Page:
In what seems to be the biggest cut in oil production since 2020, OPEC+ will limit its collective oil output by 2 million barrels a day in a strong attempt to raise global oil prices and take it beyond the $90 benchmark.
At the 33rd OPEC and non-OPEC Ministerial Meeting held in Vienna, Austria, on October 5, 2022, the 24 countries that form part of the OPEC + decided to cut down overall oil production by 2 million barrels per day.
Some background: OPEC + refers to the 24 countries that are a part of the Organization of Petroleum Exporting Countries that hold about 80% of the world's oil reserves. Since they are the world's primary oil suppliers, any change in production by this cartel directly impacts global oil prices. If OPEC+ decides to cut oil supplies, the world will see a direct rise in oil prices, thus shooting up inflation rates (as if they aren't already soaring through the roof).
During the Russia-Ukraine war, global oil prices peaked at an all-time high and crossed $120 per barrel. So, since March 2022, OPEC and the western countries (especially the US) opened the floodgates and started releasing oil in large quantities from their reserves. Of the 180 million barrels that have been released since March 2022, 75% of them have come from US's Strategic Petrol Reserves. This has caused an increase in supply over demand and led to a visible drop in global oil prices, which recently dropped below $85 in September 2022.
Why the shift now? Saudi's intent of raising prices and cutting oil production has been evident for a few weeks now. US President Joe Biden even visited Saudi Arabia to urge them to increase oil production. But it seems like all pleas went on deaf ears since OPEC has decided to reverse its production policy and cut down production.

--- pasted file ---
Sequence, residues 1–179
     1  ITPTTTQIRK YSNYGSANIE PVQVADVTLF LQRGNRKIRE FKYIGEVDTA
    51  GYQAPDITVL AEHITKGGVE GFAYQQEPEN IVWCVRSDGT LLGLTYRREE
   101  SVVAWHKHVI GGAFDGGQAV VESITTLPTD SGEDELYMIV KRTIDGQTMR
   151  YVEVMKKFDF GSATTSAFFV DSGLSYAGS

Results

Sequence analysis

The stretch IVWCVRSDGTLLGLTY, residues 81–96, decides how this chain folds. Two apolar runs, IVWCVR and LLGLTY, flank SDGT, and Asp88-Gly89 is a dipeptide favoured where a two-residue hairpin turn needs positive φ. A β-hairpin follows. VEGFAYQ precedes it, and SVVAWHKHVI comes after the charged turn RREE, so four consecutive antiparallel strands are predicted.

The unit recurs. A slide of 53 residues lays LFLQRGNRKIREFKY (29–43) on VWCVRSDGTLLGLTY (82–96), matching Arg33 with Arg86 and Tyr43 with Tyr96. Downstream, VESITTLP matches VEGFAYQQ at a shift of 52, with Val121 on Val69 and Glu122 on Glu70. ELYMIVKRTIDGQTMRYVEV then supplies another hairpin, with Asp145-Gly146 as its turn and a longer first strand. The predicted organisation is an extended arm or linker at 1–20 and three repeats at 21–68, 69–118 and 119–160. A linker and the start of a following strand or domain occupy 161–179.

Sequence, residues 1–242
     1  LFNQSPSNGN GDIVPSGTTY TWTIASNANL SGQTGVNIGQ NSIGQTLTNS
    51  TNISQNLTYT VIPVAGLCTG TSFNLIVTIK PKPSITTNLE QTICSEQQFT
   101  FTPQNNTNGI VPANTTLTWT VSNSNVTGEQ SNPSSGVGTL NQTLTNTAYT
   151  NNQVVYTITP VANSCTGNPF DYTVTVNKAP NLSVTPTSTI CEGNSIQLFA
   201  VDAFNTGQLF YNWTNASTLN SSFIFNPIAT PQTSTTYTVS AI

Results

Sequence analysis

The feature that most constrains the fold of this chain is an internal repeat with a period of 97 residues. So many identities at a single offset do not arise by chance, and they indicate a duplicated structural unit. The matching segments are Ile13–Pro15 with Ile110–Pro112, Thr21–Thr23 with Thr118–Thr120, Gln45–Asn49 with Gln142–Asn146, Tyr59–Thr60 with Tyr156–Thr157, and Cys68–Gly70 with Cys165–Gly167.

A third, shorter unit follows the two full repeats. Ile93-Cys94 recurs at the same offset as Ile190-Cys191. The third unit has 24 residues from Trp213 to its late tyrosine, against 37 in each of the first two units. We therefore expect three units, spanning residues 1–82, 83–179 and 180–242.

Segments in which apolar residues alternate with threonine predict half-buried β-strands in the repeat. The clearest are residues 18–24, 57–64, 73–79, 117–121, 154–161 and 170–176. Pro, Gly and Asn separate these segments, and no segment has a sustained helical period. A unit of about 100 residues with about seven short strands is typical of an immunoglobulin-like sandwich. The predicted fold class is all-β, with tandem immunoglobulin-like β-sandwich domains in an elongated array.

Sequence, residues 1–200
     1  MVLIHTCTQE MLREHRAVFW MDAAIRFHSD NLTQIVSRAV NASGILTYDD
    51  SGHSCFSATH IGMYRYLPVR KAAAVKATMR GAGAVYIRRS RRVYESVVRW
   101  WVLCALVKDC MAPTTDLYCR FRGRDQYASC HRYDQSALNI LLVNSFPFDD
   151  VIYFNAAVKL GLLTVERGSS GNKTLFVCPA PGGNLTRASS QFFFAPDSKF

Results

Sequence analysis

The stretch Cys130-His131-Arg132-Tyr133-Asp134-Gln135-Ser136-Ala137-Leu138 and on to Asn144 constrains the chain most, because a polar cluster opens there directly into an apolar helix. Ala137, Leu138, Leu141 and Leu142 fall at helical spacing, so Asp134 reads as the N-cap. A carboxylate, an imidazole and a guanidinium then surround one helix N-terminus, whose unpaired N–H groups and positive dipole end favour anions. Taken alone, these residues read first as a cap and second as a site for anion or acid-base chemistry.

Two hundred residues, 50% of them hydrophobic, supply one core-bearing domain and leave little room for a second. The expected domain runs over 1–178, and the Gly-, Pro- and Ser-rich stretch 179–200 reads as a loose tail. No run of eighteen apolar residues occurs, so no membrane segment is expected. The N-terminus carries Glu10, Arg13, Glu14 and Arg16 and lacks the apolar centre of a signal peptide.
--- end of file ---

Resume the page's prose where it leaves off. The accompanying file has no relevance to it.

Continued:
Why would #SaudiArabia hike the price oil for the US (but not other nations), just as @JoeBiden and @TheDemocrats face a crucial midterm election?— Jonah Blank (@JonahBlank) October 6, 2022
Ask the Orb: https://t.co/FkQgXUUoQF pic.twitter.com/Tl3zq9Oi1P
1. Oil production: Though the quantum of price impact is not clear, a production cut of 2 million barrels might make quite a difference in times when the world consumes 100 million barrels of oil every day. As per an OPEC report, Russia, Saudi Arabia, Iraq, UAE, and Kuwait will be the OPEC countries that will be voluntarily making the majority of oil production cuts, starting November 2022.
2. Oil Prices: Global oil prices might increase and range between the $90 to $100 benchmark. International benchmark brent crude futures traded at $92.82 a barrel on October 5 in London, up around 1.1%. US West Texas Intermediate futures stood at $87.37, almost 1% higher.
3. Politics: The supply cut will increase tensions between Saudi Arabia and the US, since President Biden has been trying his best to control gas prices in the US before the US midterm elections, by urging the Middle Eastern countries to shoot up oil production. In a statement by US officials, President Biden was ''disappointed'' at this 'short-sighted' move since this will impact middle and lower-income countries with higher electricity bills. The US will release 10 million barrels from its own Strategic Petroleum Reserves.
So it looks like, petrol prices are bound to go up again.